Bloomfield describes a beautiful emerald serpent ring which the Prince gave

the Queen when they were engaged.] when the royal lovers saw much of each

other, and as a matter of course often discussed the future, particularly

with reference to the Prince's position in his new country, and what his

title was to be. One can easily fancy how interesting and engrossing such

talks would become, especially when they were enlivened by the bright

humour, and controlled by the singular unselfishness, of the object of so

many hopes and plans. It was already blustering wintry weather, but there

was little room to feel the depressing influence of the grey cloudy sky or

the chill of the shrilly whistling wind and driving rain. Prince Ernest had

the misfortune to suffer from an attack of jaundice, but it was a passing

evil, sure to be lightened by ample sympathy, and it did not prevent the

friend of the bridegroom from rejoicing greatly at the sound of the

bridegroom's voice.



Perhaps the fact that a form of secrecy had to be kept up till her Majesty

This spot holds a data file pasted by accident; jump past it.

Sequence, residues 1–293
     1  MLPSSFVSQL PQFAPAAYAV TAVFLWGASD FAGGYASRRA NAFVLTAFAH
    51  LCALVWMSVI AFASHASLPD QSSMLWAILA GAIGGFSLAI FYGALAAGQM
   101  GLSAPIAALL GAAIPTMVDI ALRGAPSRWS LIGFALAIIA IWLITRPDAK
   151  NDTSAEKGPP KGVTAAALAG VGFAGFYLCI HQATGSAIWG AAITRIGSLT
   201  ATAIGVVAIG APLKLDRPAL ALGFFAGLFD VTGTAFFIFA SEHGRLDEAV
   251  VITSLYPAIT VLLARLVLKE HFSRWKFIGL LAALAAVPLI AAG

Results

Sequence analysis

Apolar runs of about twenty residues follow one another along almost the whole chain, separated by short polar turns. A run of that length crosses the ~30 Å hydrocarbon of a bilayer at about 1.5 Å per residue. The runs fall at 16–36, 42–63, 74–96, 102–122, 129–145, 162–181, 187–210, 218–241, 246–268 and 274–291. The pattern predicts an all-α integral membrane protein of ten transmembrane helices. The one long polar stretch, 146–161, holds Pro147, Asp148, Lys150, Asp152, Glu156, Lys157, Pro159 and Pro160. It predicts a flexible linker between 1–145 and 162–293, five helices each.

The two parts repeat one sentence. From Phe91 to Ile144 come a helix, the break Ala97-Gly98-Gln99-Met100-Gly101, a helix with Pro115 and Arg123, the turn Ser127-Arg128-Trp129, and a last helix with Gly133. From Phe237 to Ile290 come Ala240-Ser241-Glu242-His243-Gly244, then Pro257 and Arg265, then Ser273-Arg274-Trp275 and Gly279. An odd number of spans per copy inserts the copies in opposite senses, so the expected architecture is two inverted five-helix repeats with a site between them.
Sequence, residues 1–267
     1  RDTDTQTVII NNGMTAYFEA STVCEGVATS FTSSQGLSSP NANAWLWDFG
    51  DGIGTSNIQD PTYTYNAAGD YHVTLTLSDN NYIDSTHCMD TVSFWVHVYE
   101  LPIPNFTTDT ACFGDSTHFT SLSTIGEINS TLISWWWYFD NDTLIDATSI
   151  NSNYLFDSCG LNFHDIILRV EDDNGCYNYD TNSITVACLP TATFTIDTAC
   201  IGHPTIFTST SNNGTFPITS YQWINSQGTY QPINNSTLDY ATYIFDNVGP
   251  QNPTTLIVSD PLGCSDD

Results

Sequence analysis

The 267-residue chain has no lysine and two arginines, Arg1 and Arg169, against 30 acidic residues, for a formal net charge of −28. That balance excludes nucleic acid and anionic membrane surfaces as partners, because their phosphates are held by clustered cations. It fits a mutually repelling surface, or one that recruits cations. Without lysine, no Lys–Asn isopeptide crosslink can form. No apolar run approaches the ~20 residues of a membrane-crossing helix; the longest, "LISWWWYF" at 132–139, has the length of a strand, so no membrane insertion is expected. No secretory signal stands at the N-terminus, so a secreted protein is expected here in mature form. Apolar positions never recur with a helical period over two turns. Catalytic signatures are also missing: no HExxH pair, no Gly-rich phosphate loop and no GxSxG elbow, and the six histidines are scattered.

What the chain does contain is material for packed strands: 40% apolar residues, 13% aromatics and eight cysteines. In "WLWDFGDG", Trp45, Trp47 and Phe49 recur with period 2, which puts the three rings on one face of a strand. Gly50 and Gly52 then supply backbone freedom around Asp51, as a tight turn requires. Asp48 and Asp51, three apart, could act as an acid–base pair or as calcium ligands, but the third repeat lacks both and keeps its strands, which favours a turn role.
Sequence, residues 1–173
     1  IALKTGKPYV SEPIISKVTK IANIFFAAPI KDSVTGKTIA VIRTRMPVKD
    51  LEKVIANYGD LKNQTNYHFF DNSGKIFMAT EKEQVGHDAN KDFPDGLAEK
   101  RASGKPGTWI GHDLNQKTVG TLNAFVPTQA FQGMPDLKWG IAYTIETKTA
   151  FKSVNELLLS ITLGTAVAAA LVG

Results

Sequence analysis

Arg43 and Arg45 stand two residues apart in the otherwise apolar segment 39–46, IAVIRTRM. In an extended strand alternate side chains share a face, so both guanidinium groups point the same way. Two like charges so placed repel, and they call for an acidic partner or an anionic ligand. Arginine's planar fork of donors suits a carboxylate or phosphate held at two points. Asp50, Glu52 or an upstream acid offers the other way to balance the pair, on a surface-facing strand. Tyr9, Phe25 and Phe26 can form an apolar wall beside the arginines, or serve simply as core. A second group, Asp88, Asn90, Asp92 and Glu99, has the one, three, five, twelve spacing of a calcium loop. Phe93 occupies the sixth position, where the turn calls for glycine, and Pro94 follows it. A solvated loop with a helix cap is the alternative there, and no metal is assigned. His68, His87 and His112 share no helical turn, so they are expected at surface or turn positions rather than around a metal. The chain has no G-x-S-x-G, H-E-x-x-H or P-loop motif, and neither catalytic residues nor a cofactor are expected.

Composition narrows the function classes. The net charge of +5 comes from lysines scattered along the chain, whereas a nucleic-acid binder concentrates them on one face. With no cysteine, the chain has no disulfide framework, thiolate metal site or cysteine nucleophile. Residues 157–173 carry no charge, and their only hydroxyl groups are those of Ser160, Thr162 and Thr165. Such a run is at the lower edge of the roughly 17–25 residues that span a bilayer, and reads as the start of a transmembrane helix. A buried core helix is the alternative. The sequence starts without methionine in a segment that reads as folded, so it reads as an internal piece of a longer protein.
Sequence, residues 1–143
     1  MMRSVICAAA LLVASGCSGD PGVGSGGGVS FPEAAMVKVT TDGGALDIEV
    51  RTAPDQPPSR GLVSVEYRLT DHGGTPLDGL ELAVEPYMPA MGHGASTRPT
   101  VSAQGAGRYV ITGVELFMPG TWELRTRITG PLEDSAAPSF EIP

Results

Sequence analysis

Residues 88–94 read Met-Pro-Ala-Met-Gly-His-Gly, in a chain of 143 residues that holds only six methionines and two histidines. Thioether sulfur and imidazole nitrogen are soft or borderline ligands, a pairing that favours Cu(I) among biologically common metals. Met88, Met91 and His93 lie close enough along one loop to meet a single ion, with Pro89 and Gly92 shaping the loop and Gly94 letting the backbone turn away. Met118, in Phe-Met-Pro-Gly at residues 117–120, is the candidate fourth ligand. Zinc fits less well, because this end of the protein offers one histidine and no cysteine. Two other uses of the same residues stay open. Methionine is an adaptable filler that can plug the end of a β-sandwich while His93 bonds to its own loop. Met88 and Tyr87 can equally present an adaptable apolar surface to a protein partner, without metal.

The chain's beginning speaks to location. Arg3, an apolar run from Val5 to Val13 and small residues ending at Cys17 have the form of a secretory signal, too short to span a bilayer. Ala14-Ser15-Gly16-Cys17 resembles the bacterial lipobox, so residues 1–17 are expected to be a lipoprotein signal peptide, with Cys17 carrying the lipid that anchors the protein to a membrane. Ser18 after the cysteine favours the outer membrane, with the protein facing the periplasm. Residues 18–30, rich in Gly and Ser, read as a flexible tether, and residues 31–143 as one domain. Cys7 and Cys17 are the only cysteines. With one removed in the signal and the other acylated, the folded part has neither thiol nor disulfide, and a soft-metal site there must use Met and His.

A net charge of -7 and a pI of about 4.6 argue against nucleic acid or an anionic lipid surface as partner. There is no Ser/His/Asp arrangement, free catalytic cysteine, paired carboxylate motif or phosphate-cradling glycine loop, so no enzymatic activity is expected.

should announce her marriage to the Council only added an additional

piquant flavour to the general satisfaction. But this did not cause the

Queen to fail in confidence towards the members of her family, for she

wrote herself to the Queen-dowager and to the rest of her kindred

announcing her intended marriage, and receiving their congratulations.



On the 2nd of November there was a review of the battalion of the Rifle

Brigade quartered at Windsor under Colonel, afterwards Sir George Brown, of

Crimean fame, in the Home Park. The Queen was present, accompanied by

Prince Albert, in the green uniform of the Coburg troops. What a picture,

full of joyful content, independent of all accidents of weather, survives

of the scene! "At ten minutes to twelve I set off in my Windsor uniform and

cap (already described) on my old charger 'Leopold,' with my beloved Albert

looking so handsome in his uniform on my right, and Sir John Macdonald, the

Adjutant-General, on my left, Colonel Grey and Colonel Wemyss preceding me,

a guard of honour, my other gentlemen, my cousin's gentlemen, Lady Caroline

Barrington, &c., for the ground.



"A horrid day. Cold, dreadfully blowing, and, in addition, raining hard

when we had been out a few minutes. It, however, ceased when we: came to

the ground. I rode alone down the ranks, and then took my place as usual,